You’ve found a baby bird … now what?

It’s happening all around the city. Our feathered friends are busy raising their young, and you may very well encounter a baby bird out of the nest that may — or may not — need a helping hand. But how do you know if you should help?

Check out this handy flowchart to help you determine if you should help that baby bird or leave it be. And remember — if you’re in Seattle and you see an animal in distress, call the Seattle Animal Shelter at 206-386-PETS (7387). Visit us online at for more information.

Does that baby bird need help?

It’s that time of year in Seattle, and it’s happening everywhere in the city. You may not even be aware of it until you find yourself being chirped at or dive-bombed by a wild bird that has seemingly lost its mind, or until you find a helpless nestling or awkward fledgling on the ground. Now through about mid-August, our feathered wild neighbors will be busy raising their next generation, and during this time the odds of encountering a protective parent and their naïve young will be very high. Most of the birds you will encounter will need nothing more from you than a little respectful distance, but you may occasionally encounter a baby bird out of the nest that could benefit from a helping hand.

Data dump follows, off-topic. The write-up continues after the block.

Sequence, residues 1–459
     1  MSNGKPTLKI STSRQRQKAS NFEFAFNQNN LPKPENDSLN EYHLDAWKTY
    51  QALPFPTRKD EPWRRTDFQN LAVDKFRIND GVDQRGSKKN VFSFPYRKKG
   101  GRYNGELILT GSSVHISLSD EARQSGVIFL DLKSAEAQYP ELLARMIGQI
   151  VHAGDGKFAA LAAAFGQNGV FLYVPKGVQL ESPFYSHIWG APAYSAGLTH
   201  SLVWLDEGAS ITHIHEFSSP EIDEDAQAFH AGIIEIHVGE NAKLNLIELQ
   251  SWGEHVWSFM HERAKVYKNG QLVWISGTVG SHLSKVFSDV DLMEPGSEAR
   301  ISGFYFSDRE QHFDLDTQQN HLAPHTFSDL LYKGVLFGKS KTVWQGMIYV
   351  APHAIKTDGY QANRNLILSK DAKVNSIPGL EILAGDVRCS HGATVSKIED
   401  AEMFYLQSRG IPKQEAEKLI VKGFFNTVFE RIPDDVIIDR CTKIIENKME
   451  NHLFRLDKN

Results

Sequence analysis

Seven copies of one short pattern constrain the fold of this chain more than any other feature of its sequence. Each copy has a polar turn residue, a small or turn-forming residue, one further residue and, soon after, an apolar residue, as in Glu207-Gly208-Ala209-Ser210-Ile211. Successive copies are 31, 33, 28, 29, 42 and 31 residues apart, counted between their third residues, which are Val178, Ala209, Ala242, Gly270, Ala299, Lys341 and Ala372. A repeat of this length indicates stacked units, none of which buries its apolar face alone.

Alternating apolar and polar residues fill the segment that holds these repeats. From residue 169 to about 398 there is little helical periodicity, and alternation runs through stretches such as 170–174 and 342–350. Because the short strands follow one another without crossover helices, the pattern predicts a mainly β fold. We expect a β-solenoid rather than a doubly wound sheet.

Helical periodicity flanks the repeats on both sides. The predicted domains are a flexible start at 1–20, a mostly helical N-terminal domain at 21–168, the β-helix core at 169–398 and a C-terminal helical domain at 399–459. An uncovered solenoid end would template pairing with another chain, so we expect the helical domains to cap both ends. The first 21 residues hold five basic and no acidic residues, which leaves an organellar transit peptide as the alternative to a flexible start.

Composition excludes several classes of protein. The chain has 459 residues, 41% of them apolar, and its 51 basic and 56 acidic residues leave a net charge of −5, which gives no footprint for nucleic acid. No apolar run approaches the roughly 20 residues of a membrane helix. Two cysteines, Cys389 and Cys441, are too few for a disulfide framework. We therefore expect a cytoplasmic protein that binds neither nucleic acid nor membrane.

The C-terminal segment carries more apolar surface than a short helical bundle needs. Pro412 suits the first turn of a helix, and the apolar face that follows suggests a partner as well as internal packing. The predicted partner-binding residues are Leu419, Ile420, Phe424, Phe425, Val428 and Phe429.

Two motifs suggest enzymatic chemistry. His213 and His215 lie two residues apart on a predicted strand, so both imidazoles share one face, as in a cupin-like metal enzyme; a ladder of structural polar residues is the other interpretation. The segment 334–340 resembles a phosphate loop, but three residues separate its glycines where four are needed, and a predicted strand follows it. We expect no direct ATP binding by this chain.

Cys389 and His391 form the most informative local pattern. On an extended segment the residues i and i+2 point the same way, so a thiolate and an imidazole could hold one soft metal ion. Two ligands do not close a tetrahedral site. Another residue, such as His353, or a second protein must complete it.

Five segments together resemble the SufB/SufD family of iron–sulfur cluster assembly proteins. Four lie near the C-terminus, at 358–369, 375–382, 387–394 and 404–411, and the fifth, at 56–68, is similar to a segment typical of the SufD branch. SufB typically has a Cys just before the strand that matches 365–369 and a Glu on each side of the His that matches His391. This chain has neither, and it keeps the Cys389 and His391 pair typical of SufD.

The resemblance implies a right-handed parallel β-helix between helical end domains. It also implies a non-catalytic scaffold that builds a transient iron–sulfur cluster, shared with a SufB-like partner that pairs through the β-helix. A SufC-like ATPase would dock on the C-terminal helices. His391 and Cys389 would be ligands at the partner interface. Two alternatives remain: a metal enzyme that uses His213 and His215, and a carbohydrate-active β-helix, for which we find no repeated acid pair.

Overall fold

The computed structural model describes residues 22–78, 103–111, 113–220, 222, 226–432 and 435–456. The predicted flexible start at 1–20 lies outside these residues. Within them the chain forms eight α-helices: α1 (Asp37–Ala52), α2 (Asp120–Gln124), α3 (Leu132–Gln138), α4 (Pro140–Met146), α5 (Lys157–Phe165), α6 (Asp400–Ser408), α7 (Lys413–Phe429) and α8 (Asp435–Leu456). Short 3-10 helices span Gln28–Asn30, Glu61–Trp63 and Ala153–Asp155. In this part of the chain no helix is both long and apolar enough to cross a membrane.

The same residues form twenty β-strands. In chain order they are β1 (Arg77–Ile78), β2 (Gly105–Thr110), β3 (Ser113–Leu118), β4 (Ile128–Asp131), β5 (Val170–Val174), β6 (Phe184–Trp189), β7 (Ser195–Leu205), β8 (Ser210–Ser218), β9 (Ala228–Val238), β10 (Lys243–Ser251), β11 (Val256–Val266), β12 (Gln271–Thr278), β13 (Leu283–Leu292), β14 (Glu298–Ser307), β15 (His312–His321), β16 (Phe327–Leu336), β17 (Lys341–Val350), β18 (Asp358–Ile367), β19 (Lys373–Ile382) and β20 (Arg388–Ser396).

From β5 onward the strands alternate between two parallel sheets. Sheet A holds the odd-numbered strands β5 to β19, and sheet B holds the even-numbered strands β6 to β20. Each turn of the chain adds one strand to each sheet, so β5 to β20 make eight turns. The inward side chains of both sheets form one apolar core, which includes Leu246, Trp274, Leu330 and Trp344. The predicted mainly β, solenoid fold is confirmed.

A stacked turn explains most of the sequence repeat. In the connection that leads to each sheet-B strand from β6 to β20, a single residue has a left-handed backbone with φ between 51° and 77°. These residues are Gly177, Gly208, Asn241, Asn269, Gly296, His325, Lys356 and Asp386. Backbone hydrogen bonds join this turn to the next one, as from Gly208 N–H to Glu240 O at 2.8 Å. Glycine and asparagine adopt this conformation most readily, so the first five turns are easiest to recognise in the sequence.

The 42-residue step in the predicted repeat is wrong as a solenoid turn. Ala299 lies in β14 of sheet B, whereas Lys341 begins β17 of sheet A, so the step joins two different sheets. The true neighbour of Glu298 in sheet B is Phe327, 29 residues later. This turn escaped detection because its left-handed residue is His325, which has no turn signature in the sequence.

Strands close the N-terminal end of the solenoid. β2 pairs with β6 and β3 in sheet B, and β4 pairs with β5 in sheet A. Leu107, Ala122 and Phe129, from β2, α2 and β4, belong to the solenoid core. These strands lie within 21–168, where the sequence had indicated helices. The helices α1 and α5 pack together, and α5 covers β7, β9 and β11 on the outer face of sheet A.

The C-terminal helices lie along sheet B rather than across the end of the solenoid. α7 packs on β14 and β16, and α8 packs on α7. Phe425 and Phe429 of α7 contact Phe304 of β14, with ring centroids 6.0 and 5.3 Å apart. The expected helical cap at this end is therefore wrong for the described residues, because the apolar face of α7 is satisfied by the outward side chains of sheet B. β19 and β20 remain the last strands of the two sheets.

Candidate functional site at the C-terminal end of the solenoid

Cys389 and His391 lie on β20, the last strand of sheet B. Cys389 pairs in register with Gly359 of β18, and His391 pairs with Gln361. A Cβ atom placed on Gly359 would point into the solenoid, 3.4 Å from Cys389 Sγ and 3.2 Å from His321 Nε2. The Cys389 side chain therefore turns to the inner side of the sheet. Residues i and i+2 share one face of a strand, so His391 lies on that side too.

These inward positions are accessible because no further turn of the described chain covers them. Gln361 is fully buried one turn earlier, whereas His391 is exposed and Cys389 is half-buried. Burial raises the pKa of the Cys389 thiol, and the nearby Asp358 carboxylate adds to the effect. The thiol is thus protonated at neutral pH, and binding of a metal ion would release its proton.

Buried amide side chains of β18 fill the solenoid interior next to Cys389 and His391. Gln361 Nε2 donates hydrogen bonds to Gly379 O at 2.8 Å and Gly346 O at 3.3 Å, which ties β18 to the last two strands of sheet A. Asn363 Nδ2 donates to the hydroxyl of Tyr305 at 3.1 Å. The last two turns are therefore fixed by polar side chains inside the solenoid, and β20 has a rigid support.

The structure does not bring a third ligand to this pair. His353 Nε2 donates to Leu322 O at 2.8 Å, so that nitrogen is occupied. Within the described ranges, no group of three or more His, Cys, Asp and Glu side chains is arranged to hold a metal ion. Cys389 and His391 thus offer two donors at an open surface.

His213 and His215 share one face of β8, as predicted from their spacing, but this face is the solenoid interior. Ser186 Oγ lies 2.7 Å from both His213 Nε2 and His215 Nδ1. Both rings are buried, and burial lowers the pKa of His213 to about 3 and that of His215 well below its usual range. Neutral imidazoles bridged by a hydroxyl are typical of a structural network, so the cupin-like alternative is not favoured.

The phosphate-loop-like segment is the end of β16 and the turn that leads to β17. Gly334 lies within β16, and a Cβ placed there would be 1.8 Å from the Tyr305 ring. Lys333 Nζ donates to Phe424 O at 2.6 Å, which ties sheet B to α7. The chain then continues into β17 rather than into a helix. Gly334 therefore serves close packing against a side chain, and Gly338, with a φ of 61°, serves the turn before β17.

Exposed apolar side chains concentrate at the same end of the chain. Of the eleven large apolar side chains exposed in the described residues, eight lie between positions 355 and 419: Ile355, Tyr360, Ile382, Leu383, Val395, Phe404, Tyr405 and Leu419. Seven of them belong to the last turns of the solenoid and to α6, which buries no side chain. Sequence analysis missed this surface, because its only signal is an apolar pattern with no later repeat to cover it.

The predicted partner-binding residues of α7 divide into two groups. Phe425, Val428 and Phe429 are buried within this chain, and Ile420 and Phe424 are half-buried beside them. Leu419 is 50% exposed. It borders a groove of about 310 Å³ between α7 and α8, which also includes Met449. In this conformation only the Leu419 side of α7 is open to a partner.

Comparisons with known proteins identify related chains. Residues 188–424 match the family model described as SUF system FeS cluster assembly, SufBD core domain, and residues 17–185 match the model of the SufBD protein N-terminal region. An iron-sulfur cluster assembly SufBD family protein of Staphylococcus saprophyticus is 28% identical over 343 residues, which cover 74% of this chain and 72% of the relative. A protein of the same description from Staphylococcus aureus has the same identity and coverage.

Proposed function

But how will you know if the baby bird you encounter needs help? And, if it needs help, what should you do? Check out this simple, two-minute video recently posted on to help answer these questions. Additional sources of information and assistance are below.

The Seattle Animal Shelter responds to dead and injured wildlife within Seattle city limits. Give us a call at 206-386-7387 if you require assistance.

The Washington Department of Fish and Wildlife provides great information on what to do when you find a baby bird out of the nest, and the PAWS Wildlife Center in Lynnwood provides a useful flowchart that asks a series of yes or no questions to help you decide whether or not a baby bird needs help. A baby mammal version is also available.